3. Add a seating or dining area, if there's room
A mishmash of patio furniture doesn't an inviting space make. To avoid that plight, envision your front-yard space as if it was an "outdoor room," says Sean Collinsgru, owner of landscaping and design firm Premier Outdoor Living. That means considering the layout of furniture like you would in your dining or living room, if you have that kind of yard space available.
Lewis recommends setting up a seating area that consists of at least a couple chairs and a small bistro table to facilitate conversations; if a table won't fit, an Adirondack chair or two will do the trick, giving you a spot to post up with your morning coffee and wave to anyone who passes by. “We’re so used to seeing outdoor furniture and dining settings in backyards, but I’ve seen people doing it in the front yard, and it just creates a warm impact on the community,” says Lewis.
4. Build in points for community connection
Certain front-yard features, in particular, can entice people who may be walking by to pause, gather, and chat. One example from Collinsgru? A Little Free Library, or freestanding public bookcase that you fill with books for people to take and return. Toss in a pad and pen for people to leave their book reviews and suggestions, too, he adds.
You can also put out a bowl of water and a few treats for neighborhood dogs, so long as you can regularly check on and refresh these items; if you suspect pests may be a problem with this kind of set-up, consider self-filling and closed-lid options. "Even having a little sign nearby that says, 'Dog treats here!' is a fun idea," says Chaffman.
Lewis says she’s also seen people set up a small station on their porch or stoop with water and snacks for delivery drivers and mail carriers to take as they go along their routes. You can set out a few water bottles along with bags of chips or granola bars in a shady spot to provide a welcome reprieve during what may be someone's long, tiring shift.
5. Hang a sign to let others know you're open to chatting
To make sure people know you're willing to socialize, Chaffman recommends putting up a sign that says so. People might think they're disturbing you if they say hello while you're reading outside, for example, so she recommends posting a small sign (much like an "Open" or "Closed" sign on a business's front door, or a, "The doctor is in" sign) to avoid that misconception.
6. Set out some yard games, if you can fit them
Buettner has his chess table in his front yard—and that's certainly an idea you can copy. But it may be even easier to set up a few yard games in front of your place, like cornhole or ring toss, in order to encourage neighbors to hang out there.
7. Add a fire pit, if you have a yard
You might associate a fire pit with a backyard, but Lewis says adding one to your front yard can be a fun way to bring others into your dinners or celebrations. “We have a fire pit in our yard at our tiny house in Austin, and it’s so interactive,” she says. “You can have neighbors over for s'mores after dinner, or sit and enjoy a glass of wine, and strike up a conversation with someone walking by.”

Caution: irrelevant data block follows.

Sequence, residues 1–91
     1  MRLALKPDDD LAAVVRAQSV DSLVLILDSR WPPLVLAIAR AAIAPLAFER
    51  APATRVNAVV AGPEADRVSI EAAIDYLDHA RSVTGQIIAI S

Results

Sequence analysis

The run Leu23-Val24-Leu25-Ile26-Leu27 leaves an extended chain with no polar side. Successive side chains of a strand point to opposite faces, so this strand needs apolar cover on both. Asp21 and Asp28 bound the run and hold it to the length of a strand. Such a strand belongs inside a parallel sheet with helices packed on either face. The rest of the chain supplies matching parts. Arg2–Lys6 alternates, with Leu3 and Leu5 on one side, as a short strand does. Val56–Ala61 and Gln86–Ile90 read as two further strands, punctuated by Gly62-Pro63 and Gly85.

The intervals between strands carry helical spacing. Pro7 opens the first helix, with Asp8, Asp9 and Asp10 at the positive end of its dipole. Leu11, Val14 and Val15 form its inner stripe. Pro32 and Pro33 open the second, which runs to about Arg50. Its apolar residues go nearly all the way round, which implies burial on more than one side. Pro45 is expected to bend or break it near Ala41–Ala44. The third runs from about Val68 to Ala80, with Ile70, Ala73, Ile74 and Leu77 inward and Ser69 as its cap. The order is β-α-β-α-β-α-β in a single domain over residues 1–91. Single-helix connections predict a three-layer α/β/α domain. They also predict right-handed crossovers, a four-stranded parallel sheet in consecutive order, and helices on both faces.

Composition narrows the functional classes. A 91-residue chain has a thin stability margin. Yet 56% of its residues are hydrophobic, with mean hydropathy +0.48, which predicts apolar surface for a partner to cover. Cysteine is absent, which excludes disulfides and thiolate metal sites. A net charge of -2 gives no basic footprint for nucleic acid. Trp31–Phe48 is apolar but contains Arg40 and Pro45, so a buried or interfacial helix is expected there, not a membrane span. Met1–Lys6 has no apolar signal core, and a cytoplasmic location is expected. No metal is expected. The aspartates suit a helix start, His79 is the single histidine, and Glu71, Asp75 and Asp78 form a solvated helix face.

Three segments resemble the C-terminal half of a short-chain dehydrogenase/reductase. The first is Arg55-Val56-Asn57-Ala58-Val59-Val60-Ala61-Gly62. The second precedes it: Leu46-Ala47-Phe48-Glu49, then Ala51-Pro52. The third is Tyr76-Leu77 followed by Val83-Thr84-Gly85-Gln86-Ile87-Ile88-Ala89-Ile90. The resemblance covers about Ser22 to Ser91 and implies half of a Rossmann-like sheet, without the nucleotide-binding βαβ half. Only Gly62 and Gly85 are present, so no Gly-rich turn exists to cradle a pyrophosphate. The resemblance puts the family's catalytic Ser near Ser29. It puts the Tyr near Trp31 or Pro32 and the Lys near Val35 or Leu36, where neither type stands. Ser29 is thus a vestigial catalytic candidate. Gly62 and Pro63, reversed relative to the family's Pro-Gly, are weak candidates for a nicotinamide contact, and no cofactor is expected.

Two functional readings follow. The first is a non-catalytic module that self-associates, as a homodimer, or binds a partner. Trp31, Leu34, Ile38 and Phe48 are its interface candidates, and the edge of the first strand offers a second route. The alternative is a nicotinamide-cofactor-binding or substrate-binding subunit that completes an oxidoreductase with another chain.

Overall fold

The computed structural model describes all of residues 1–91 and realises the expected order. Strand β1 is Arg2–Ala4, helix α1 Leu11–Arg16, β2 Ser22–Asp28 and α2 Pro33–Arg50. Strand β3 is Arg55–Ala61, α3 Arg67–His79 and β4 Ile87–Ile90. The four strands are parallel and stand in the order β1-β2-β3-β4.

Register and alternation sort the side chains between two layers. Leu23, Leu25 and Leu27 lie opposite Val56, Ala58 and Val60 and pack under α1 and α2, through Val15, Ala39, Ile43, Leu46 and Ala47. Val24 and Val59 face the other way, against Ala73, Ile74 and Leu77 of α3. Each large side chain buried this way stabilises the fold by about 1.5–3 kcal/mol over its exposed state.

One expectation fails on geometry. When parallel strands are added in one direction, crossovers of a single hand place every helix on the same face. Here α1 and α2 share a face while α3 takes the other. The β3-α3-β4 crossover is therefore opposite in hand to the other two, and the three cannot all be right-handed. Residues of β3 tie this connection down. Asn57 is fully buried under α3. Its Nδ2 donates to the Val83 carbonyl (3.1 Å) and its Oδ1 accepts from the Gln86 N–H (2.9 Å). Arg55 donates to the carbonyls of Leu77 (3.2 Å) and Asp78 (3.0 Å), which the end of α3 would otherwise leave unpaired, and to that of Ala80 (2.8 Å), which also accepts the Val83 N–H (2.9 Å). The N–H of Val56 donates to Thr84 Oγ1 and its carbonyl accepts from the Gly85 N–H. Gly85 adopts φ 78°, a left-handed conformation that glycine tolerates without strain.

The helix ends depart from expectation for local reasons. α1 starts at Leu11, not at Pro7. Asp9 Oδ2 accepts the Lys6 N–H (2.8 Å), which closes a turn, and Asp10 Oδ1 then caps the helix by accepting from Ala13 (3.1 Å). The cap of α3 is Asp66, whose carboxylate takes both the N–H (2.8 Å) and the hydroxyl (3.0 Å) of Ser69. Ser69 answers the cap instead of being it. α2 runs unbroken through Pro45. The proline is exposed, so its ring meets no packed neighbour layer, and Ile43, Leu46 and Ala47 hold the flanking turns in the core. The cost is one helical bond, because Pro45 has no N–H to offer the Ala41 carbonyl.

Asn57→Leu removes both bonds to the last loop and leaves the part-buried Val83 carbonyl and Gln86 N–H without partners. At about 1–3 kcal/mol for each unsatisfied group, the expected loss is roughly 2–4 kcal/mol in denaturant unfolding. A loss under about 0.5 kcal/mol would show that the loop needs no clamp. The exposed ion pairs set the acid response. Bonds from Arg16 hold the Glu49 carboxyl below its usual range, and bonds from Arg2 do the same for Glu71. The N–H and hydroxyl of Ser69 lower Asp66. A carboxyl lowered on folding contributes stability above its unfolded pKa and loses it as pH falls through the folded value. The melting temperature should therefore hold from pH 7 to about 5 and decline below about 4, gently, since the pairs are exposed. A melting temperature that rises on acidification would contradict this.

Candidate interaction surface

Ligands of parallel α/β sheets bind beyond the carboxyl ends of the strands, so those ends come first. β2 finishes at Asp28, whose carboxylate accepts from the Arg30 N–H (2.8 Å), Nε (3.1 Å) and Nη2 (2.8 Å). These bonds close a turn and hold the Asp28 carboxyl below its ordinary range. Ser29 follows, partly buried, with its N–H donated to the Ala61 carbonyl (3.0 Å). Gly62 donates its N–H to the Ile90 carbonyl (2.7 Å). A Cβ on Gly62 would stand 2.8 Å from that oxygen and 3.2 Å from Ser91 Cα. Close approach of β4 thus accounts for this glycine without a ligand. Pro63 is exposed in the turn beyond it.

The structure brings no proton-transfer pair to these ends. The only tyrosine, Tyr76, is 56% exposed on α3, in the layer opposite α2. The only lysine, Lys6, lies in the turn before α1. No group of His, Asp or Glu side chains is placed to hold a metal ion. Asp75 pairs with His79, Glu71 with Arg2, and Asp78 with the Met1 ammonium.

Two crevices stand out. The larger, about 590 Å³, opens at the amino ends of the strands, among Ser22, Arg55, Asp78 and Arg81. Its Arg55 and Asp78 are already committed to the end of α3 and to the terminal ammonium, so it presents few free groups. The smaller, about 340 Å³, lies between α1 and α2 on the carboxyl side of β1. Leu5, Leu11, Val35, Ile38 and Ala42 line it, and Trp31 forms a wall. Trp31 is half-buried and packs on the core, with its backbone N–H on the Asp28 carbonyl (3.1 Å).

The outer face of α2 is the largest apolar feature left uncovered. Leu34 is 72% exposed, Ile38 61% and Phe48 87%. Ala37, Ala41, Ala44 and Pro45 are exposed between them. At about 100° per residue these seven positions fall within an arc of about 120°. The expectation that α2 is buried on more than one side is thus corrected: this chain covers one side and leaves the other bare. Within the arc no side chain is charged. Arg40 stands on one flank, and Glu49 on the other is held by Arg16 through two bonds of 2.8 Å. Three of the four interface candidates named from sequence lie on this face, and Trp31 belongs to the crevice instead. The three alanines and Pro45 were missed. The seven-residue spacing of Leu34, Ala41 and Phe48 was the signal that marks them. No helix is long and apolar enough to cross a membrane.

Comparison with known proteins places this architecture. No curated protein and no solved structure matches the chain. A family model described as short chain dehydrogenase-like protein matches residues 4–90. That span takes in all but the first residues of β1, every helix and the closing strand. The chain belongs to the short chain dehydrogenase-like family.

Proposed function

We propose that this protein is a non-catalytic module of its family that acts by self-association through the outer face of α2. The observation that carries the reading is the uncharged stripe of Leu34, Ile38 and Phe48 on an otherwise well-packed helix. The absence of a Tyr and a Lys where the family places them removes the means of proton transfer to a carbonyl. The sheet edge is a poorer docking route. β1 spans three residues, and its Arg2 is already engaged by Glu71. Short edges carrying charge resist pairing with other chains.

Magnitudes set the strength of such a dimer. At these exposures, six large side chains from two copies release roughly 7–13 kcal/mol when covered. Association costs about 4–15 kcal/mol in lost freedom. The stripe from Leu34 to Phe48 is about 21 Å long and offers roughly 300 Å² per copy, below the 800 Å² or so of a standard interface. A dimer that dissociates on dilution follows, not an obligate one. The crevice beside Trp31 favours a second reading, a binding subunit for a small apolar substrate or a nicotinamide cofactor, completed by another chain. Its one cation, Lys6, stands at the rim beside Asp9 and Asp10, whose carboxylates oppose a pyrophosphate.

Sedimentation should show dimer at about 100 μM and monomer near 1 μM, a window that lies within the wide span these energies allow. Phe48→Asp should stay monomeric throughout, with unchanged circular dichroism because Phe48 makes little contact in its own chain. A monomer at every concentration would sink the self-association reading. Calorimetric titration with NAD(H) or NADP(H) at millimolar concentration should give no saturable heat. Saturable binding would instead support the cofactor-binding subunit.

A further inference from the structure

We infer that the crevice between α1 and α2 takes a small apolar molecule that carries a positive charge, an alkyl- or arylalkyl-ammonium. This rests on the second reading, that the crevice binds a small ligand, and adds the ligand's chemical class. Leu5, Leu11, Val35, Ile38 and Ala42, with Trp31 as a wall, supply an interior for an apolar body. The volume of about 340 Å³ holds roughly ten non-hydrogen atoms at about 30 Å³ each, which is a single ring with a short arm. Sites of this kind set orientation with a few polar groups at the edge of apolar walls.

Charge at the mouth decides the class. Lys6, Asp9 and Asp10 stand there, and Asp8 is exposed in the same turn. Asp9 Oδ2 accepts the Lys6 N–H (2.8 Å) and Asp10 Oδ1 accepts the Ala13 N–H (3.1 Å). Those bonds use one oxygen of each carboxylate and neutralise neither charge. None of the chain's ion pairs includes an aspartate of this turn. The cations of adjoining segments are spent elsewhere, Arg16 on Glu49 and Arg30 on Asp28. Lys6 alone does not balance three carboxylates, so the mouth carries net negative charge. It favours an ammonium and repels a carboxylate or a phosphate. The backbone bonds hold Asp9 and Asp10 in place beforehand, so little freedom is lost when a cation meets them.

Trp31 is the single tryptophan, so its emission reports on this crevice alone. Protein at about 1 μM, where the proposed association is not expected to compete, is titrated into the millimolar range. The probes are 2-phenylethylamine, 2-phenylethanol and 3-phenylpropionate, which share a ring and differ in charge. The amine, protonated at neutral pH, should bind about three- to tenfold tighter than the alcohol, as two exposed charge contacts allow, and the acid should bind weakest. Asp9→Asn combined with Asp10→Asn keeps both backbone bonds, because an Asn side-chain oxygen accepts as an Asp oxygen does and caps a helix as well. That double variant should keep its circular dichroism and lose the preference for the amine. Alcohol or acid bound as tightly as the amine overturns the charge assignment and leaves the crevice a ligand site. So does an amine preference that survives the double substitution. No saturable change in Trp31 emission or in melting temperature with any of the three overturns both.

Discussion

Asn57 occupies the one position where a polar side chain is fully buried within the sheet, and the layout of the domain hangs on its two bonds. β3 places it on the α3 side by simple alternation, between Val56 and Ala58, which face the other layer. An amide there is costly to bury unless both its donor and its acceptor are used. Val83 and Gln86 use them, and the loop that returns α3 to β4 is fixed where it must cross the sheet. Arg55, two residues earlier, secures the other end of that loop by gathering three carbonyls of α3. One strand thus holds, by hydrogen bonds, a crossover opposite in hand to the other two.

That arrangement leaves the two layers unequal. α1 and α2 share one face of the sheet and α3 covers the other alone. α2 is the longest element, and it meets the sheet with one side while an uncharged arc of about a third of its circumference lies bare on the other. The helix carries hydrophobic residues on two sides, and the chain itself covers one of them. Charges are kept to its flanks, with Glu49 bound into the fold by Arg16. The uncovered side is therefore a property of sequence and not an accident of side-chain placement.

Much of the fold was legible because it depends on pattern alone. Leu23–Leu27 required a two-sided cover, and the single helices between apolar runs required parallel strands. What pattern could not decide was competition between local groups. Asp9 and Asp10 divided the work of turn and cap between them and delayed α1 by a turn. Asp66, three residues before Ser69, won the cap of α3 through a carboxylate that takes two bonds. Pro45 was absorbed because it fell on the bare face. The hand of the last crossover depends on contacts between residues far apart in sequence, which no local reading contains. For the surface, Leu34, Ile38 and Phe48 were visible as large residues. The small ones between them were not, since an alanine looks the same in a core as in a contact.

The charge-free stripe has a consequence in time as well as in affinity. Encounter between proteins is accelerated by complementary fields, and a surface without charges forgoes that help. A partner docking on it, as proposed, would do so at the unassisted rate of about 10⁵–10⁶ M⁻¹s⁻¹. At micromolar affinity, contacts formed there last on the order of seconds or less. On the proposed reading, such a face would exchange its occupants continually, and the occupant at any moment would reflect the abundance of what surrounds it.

Just be sure to check your city and county regulations for the size and type of fire pit you're allowed to install before you do so; there are great wood-burning, propane, and natural-gas options available.
8. Incorporate plants
Even just a touch of nature can go a long way toward adding fun and personality to your front-door, stoop, or yard setup. "The one thing that every front door could use is a couple of pots flanking it," says Chaffman, who suggests filling the pots with seasonal flowers and plants, like dahlias and geraniums for summer; tulips for spring; mums, gourds, and pumpkins for fall; and evergreens or poinsettias for the holidays. You can also opt for small shrubs or even fragrant herbs like lavender or rosemary, she adds.
If you have a yard, positioning trees and beds of flowers around it will turn it into a brighter, cheerier space. Adding a small container garden or planting bed out front can also encourage neighbors to pause and check out what you're growing. Plus, Chaffman points out that you’ll have to be out there maintaining it regularly, which means you’ll actually be in your yard and ready to chat with those who pass by and (hopefully) compliment your work.
9. Decorate for the holidays
There's something warm and welcoming about holiday decor, as a signifier of a season that often brings people together. Consider adorning your porch with hay bales and baskets filled with colorful corn for fall, and if you have a fence, gate, or staircase in your yard, wrap it in ribbons or garlands for the holidays. Another idea? Hang a wreath to correspond with the season. "These items are cheap and easy to set up, and give off a friendly vibe," says Collinsgru.
If an inflatable Santa Claus or that 10-foot Home Depot skeleton is more your jam, go for it—Chaffman says that can be a fun talking point among passersby.
You might also connect with a passionate community of local decorators by showing off your holiday spirit. Some neighborhoods and town councils organize walking tours or coordinated displays for gardens and holiday decorations; getting your yard added to one of these itineraries could be a way to make new neighbor friends.
10. Paint your front door a bright color
A colorful front door creates a striking, fun statement that can draw others to your house and become yet another topic of conversation should a neighbor walk by and take notice, says Catherine Lippincott, director of global expansion for Premiere Outdoor Living.
Color theory might help point you toward your pick; yellow is often associated with warmth and happiness, while green is connected to renewal and abundance, for example. But in any case, a bright and saturated color can really say, "We're happy here," adds Lippincott. The important thing is to choose a hue that evokes positive emotions for you—one that lifts your spirit when you see it upon arriving home, and that might do the same for anyone passing by.